Cincau most widely used as a major component of beverages.
Cincau essentially has no calories at all. Hence, grass jelly diet would make a great meal for filling the stomach when you are watching your calorie intake.
From what I read, in every 100 grams of leaves of grass jelly stored 100 mg of calcium and 100 mg phosphorus. After becoming a gelatin calcium content of 50 mg and 15 mg of phosphorus per 100 grams.
Traditionally, native grass jelly has been used around the world as a medicine. In Indochina, especially Laos and Vietnam, grass jelly is used to relieve pain (gastritis) and other stomach disorders such as constipation, flatulence, diarrhea. Peninsular Malaysia use it as a fever remedy. In Papua New Guinea, in addition to down the heat, grass jelly is used as a cough remedy and headache. In Java, grass jelly is often called cao or provisional-believed to cool the womb, which is believed to accelerate the occurrence of pregnancy in infertile couples.
Cincau often used to whet your appetite. India’s population recognise grass jelly for the treatment of rheumatoid arthritis, abdominal pain or heartburn, and flatulence due to colds. The habit of giving to people with fever grass jelly expected to help reduce fever and reduce adverse effects due to increased body temperature.
Either the green grass jelly or black, quite popular as one of the foods to relieve high blood pressure. Usually taken with a little honey or syrup, so it’s not bland.
In China, grass jelly is commonly served with sugar syrup, evaporated milk or fruit such as mango, watermelon or cantaloupe. In other Asian countries, grass jelly typically is mixed with other types of desserts and soy milk. In several Asian countries, grass jelly is also available as a beverage, usually mixed with a juice.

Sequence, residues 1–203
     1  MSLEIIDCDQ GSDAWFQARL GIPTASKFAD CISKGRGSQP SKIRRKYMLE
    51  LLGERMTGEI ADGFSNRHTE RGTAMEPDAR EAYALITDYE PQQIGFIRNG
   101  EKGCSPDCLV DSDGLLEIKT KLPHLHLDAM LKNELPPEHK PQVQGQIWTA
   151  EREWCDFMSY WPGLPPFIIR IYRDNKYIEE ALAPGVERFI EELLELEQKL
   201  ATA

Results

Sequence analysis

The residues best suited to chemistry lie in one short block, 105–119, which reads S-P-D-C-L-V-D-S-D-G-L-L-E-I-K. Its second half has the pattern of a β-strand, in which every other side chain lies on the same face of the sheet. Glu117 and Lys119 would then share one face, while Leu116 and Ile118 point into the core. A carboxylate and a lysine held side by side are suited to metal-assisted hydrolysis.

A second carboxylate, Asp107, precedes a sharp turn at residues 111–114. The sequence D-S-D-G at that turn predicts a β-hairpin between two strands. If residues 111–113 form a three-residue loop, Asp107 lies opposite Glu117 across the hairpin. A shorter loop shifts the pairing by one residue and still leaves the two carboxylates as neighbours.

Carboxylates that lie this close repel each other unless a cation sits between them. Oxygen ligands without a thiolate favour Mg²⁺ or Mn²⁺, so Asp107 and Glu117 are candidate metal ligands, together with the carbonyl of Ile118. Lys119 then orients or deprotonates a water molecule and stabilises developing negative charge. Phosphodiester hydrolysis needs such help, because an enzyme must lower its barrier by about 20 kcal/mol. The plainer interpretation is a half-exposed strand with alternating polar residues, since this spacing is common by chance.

Grass jelly plants can thrive in the lowlands to the area with an altitude of 800 metres above sea level. Loose soil with the acidity of 5.5 to 6.5 and shady environments, is a suitable place for the grass jelly. These shrubs grow by propagating towards the right of its host tree. About 1 cm in diameter, its length can reach 5 to 16 metres. Leaves are shield-like shape, tapered, and green, with a length of between 5 to 16 cm.
Through my reading. I learned that Indonesian have done a lot of researches and write-ups about this special jelly compared to other nations.
Black cincau, which is tasteless in nature, is easily found to be sold, whether in a traditional market, or in a supermarket. Even though cincau beverages possess many health benefits, but another ingredients on making cincau beverages tastier, might be questionable for health.
The use of sugar in a large amount, or artificial sweetener that is used by traditional cincau beverages seller, will make cincau no longer healthier. Even worse, if the seller made his own cincau, by adding the soluble water of the leaves with borax, to make it more gummy, and lasts longer to be sold… Now my next quest is to find cincau plant for my garden…A